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February 10, 2010

Human Rights, Democracy and Islam-Part III

Dr. Mohamed Elmasry

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Many Muslim scholars say that the most positive aspect of Western liberal democracy is its political system.

Through this system, people can choose their legislators, and through this elected body, they can rule themselves.

These scholars also point out that a Muslim has a duty to vote for the best candidate because voters are considered to be witnesses in a matter of public good. Not voting is considered negative because it could allows the wrong candidate to win.

Theoretically speaking, this picture as a whole is good from an Islamic point of view, provided that it is implemented so that the accompanying mischief and evils of electoral democracy can be avoided.

Topping the list of problems are: those who have power and money can manipulate the system to get elected and gain power; and the percentage of those who vote is usually very low.

For Muslim democrats, an additional problem concerns parliament’s power to enact legislation. It should not have the authority to legislate in areas covered by explicit Islamic Law, and so the legislative body should contain a group of Muslim jurists (fuqaha) to examine the validity of the laws it passes.

In general, reaching a consensus is the best way to govern, but in some cases a voting majority must apply.

Partial democracy

Many Muslim elites are willing to accept and promote partial democratization, but they believe that if it takes place from the top down, the process remains problematic. The ruler, under those circumstances, acts as if the public is not ready for democratic reform, and is apt to prefer stability and control over the perceived risks of open democracy.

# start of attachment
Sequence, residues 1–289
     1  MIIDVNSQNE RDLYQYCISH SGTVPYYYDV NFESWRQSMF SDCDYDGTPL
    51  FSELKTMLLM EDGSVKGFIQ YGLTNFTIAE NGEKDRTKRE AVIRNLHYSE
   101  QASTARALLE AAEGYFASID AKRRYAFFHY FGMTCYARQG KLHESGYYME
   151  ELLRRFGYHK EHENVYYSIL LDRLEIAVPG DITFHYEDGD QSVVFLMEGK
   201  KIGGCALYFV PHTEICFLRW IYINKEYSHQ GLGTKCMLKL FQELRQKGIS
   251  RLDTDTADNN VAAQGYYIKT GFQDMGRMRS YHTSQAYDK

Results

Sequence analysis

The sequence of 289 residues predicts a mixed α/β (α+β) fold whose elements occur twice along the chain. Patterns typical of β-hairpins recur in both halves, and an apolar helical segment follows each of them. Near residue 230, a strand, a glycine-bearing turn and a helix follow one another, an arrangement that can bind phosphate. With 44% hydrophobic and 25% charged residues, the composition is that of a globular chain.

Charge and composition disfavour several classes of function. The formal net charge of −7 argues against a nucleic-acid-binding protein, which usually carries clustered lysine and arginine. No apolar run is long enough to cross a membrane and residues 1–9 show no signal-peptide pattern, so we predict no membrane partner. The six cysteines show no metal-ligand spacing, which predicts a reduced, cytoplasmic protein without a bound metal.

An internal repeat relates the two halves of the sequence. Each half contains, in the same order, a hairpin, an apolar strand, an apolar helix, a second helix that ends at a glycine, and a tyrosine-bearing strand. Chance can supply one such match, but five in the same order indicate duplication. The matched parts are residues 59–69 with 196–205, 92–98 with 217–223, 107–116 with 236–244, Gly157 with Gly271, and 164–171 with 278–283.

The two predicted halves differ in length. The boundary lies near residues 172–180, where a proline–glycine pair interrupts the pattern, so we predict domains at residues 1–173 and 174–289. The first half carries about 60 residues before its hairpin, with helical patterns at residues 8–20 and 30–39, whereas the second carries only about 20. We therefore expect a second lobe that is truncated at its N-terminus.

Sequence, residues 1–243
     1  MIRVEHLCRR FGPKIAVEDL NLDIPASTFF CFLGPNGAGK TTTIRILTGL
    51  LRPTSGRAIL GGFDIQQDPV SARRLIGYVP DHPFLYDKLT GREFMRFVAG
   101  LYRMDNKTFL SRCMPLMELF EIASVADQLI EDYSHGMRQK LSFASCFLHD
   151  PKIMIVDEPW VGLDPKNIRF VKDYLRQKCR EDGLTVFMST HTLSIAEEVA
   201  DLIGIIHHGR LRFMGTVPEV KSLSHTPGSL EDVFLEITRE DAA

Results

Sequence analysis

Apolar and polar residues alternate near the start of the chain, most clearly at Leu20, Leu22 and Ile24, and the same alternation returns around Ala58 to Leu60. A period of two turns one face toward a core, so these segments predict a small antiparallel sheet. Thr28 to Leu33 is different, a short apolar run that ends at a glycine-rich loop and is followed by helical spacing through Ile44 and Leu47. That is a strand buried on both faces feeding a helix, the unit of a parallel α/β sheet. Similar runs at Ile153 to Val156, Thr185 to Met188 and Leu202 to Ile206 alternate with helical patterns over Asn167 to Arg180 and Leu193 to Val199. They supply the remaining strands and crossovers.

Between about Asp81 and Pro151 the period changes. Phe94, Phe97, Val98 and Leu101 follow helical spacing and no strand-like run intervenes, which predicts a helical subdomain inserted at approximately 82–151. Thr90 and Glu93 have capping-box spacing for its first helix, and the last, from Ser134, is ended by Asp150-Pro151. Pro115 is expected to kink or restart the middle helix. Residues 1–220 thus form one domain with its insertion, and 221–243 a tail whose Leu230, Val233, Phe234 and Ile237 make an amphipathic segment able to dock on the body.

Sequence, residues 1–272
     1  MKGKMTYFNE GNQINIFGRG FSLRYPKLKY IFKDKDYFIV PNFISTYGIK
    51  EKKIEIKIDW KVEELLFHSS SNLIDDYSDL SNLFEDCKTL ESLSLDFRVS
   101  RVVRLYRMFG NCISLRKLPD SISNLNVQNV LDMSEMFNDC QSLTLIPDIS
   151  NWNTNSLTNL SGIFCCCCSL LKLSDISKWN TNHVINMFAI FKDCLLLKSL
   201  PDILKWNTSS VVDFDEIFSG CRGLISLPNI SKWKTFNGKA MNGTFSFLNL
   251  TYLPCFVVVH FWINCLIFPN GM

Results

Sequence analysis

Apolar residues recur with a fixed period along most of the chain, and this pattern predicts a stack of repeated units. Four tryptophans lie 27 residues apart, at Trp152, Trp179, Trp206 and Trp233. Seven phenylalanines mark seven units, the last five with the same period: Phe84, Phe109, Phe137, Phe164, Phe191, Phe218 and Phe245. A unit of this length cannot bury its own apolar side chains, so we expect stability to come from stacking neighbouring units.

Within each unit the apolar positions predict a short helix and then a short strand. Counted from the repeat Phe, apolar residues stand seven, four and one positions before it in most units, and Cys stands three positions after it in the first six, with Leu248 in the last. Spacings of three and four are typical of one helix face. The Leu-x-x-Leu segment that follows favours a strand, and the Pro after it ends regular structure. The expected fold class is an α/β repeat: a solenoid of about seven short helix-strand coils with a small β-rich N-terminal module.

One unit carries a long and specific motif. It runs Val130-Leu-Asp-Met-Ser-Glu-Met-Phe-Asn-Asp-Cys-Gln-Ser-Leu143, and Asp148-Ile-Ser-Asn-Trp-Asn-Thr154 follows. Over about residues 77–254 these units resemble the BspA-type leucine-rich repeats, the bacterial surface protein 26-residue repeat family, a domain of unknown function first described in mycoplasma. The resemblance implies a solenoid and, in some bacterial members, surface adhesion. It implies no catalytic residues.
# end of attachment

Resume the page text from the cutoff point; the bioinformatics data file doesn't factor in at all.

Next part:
Muslim democrats clearly know what’s wrong with the Western democracy just as Western reformers do.

Can Islamic parties be trusted in a democratic system?

In some Muslim countries, rulers insist that the obstacle to more democracy lies in the anti-democratic character of Muslim political groups. Given that many liberal views are embodied in Islamic law, and that Muslim scholars offer liberal interpretations of the law, these rulers nevertheless assert that many Muslim politicians, no matter what they may say, are committed to an exclusivist interpretation of Islam that would not allow any permanent place for democracy.

They also say that expressions of support for democracy from other Muslim political leaders may in some cases be motivated by tactical considerations. Advocacy for democracy and pluralism strengthens an Islamic movement’s political appeal, and in a world that increasingly professes support for democratic values, these leaders can simply put terms like “democracy,” “human rights,” and “pluralism” into an Islamic context.

Theocracy is ruled out, all agree

All Muslim scholars agree that Islam does not advocate theocracy, a state governed directly by God or his representative. On the contrary, Islam does not give any person or institution, government or church, the right to claim to be the representative of God.

A secular political system, designed by people to govern themselves, is wholly compatible with Islamic democracy, provided that it is based on Islamic universal values of justice, freedom, equality and social justice.

The Prophet of Islam was a bearer of a divine law that until his death. It was up to Muslim jurists of the day to interpret that law in the context of a political system.

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